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Cruising Millionaire’s Row

Cruising Millionaire’s Row

The rise and fall of Cleveland's auto industry

Somewhere east of Cleveland

Somewhere east of Cleveland

In 1900, the United States had approximately 1,000 individual automobile manufacturers. Cleveland alone was home to more than 80 automakers, making it one of the most significant centers of the burgeoning industry. 

“At one time, this was one of the wealthiest cities in the United States; one of the biggest manufacturing bases that had more engineers, more skilled workers than any place in the country, and the money was here to invest in these things,” says Allan Unrein, automotive expert and former director of the Crawford Auto-Aviation Museum. “Cleveland, to me, was the car capital of the United States.” 

Automobiles made in Cleveland rivaled the fine cars being made in Europe, and it all started with Alexander Winton.

In 1897, Winton, a bicycle manufacturer, founded the Winton Motor Carriage Company. In July of that year, and again in 1899, he organized a highly publicized journey from Cleveland to New York City to attract investors. Winton became the first company in the United States to sell a gasoline-powered, American-made car, which rode on tires made by the Goodrich Rubber Company of Akron.

Also in 1897, 17-year-old Frank Stearns set about building cars with youthful exuberance, and by 1910, the F.B. Stearns Company was producing an impressive-at-the-time 100 cars per year.

One of the pre-war era’s most respected manufacturers was born from James Ward Packard’s frustration. “Mr. Packard went to the west side of Cleveland to buy a Winton, and he thought it was the worst piece of junk he had ever experienced,” says Unrein, whose mentor at the museum was Frank Crawford. “He got in a heated argument with Mr. Winton, and Mr. Winton basically told him ‘if you can build a better car, go ahead and do it’. Well, he built the Packard automobile.” Built in Warren, Ohio, the 1901 Packard Model C Runabout featured a 200-cubic inch, one-cylinder engine, and was the first car with a steering wheel.

Not to be outdone, Cleveland’s Peerless Motor Car Company, founded in 1901, built the 1905 Model 9 Touring “Roi de Belges” special model.  It was capable of more than 60 mph, and featured a tachometer and speedometer on its dash, with a front-mounted engine, gated transmission, drive shaft, high-pressure lubricating system and special overhead valve engine. It was an engineering marvel in a time when technology developed at a rate comparable to modern computers. To own the “King of Belgium” in 1905, you would have needed $3,500 – about $75,000 today.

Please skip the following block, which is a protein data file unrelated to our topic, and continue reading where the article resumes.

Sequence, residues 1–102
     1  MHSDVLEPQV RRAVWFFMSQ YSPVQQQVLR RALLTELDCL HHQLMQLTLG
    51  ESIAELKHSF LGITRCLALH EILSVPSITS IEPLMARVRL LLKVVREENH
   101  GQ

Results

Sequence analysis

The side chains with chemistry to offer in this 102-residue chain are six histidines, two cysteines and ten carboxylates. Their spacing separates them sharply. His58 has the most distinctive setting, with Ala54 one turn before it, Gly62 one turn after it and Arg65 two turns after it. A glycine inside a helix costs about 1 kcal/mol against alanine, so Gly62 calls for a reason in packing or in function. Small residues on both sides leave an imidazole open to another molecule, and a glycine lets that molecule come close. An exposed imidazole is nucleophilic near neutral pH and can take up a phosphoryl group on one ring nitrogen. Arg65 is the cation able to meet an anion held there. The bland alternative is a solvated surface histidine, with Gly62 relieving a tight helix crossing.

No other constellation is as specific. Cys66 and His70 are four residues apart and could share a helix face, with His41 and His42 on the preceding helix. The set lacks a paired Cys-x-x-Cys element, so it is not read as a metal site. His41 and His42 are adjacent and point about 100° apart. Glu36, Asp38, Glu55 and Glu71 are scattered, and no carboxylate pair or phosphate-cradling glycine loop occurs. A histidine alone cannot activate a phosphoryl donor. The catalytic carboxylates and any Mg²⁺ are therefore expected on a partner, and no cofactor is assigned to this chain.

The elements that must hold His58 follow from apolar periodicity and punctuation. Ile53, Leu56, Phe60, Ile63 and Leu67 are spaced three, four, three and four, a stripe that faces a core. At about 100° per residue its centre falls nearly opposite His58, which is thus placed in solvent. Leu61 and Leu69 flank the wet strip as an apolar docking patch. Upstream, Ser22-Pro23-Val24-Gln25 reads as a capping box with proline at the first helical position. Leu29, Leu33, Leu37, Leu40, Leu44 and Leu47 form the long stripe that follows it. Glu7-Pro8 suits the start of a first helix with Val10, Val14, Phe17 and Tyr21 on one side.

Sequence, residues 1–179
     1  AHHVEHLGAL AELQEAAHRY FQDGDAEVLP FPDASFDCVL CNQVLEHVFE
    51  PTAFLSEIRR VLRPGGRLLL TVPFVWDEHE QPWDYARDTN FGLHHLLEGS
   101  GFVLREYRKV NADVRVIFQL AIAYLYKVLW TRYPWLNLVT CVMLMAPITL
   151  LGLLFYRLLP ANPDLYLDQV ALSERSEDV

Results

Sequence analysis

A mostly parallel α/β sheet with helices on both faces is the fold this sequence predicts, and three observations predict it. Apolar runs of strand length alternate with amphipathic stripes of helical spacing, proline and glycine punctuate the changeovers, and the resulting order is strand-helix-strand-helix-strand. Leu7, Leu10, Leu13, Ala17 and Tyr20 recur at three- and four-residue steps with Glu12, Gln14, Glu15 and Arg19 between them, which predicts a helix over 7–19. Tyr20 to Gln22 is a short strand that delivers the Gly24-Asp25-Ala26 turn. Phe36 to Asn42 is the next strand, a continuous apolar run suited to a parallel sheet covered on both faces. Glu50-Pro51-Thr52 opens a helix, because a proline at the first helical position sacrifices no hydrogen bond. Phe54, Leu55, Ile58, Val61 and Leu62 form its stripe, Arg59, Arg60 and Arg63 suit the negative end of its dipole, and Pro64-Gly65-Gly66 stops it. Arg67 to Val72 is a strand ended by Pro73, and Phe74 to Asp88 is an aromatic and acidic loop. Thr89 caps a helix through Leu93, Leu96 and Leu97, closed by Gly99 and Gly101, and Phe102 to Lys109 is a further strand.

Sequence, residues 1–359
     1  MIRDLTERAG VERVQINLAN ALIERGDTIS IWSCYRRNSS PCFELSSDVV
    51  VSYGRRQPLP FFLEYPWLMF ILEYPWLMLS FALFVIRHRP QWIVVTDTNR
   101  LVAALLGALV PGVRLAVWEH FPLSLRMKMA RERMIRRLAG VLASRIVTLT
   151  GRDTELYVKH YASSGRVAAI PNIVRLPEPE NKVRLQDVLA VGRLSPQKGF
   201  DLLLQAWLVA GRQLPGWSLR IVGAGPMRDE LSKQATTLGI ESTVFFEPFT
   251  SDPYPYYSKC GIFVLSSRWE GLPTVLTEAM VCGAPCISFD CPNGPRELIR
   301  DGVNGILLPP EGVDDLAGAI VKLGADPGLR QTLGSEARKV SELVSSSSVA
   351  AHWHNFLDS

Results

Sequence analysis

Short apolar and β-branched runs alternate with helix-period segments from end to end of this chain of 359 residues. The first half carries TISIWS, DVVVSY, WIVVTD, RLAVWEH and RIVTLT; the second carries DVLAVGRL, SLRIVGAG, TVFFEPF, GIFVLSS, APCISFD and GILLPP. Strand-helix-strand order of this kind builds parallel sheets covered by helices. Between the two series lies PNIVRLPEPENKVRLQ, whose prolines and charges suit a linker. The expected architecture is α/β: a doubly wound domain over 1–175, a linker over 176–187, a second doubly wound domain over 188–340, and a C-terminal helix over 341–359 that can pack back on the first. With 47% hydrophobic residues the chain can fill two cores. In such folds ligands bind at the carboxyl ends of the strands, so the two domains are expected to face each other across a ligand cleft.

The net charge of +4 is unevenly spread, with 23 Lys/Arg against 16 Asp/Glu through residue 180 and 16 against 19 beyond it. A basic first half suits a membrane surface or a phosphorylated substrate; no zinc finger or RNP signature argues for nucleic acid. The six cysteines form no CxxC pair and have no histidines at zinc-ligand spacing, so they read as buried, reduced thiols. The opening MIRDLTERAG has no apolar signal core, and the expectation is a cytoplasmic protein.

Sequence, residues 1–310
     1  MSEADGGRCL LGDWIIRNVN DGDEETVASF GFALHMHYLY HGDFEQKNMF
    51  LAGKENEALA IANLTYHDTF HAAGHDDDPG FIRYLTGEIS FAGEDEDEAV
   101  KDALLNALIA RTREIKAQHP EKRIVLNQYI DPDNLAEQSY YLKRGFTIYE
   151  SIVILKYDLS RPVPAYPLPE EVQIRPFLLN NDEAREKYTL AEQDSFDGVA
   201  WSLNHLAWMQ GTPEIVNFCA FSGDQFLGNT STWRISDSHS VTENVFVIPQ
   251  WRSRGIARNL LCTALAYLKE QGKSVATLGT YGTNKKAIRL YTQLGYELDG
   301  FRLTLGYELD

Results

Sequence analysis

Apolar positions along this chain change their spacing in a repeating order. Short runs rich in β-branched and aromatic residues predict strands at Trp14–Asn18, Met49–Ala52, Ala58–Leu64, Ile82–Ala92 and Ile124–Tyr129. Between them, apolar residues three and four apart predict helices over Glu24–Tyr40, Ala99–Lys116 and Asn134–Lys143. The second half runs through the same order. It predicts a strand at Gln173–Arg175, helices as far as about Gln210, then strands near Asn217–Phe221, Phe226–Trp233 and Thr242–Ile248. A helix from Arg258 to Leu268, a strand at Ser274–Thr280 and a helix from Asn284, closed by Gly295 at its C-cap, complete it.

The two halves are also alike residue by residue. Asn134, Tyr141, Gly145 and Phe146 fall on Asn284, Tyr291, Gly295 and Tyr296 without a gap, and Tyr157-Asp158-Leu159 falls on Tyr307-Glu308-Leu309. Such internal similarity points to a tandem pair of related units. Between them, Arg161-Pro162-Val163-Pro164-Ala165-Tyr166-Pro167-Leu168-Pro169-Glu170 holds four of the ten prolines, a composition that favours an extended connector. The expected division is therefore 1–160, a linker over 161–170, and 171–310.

Peerless was also one of the first companies to produce cars with conventional transmissions, according to Unrein. Other innovations did not take as well.

In 1916, the Cleveland-made Owen Magnetic was touted as “The Car of A Thousand Speeds.” Rather than a conventional transmission, it relied on a large electromagnet connected to a sizable generator. A cabin-mounted lever was used to control the amount of electricity to the electromagnet: the more electricity, the less slippage. There was no direct connection between the engine and the rear end. “It wasn’t very practical for an automobile, but it worked,” says Unrein.

In 1913, the Chandler-Cleveland Motorcars Corporation produced reasonably priced cars, and was eventually sold to Hupp Motor Company, producers of the famed Hupmobile.

Although originally based in Detroit, Hupp opened a second factory in Cleveland, where arguably the most famous of the manufacturer’s cars still remains at the Crawford Museum. To illustrate a Hupmobile’s reliability, two factory workers and a newspaperman, saddled with 1,200 pounds of supplies, left Detroit on November 10, 1910. They drove around the world – 48, 600 miles – in 17 months. They were the first to drive through Egypt. They got caught up in the Boxer Rebellion in China. They taught cannibals in Borneo how to drive. They had an audience with the pope. “The only thing that broke on the car was an axle that snapped in Japan,” says Unrein. “A guy in a pottery shop handmade an axle, put the threads on with a file. It still runs beautifully.”

Far from man-eaters and pyramids, Cleveland’s affluent society enjoyed leisurely drives on Euclid Avenue’s Millionaire’s Row. “It rivaled Paris in the quality of homes and the lifestyle,” says Unrein.  “In Cleveland, back then, on Euclid Avenue, 145 residents drove gasoline cars, eight drove steam cars and 137 drove electrics.  We’re going back to the same mindset 100 years later.”

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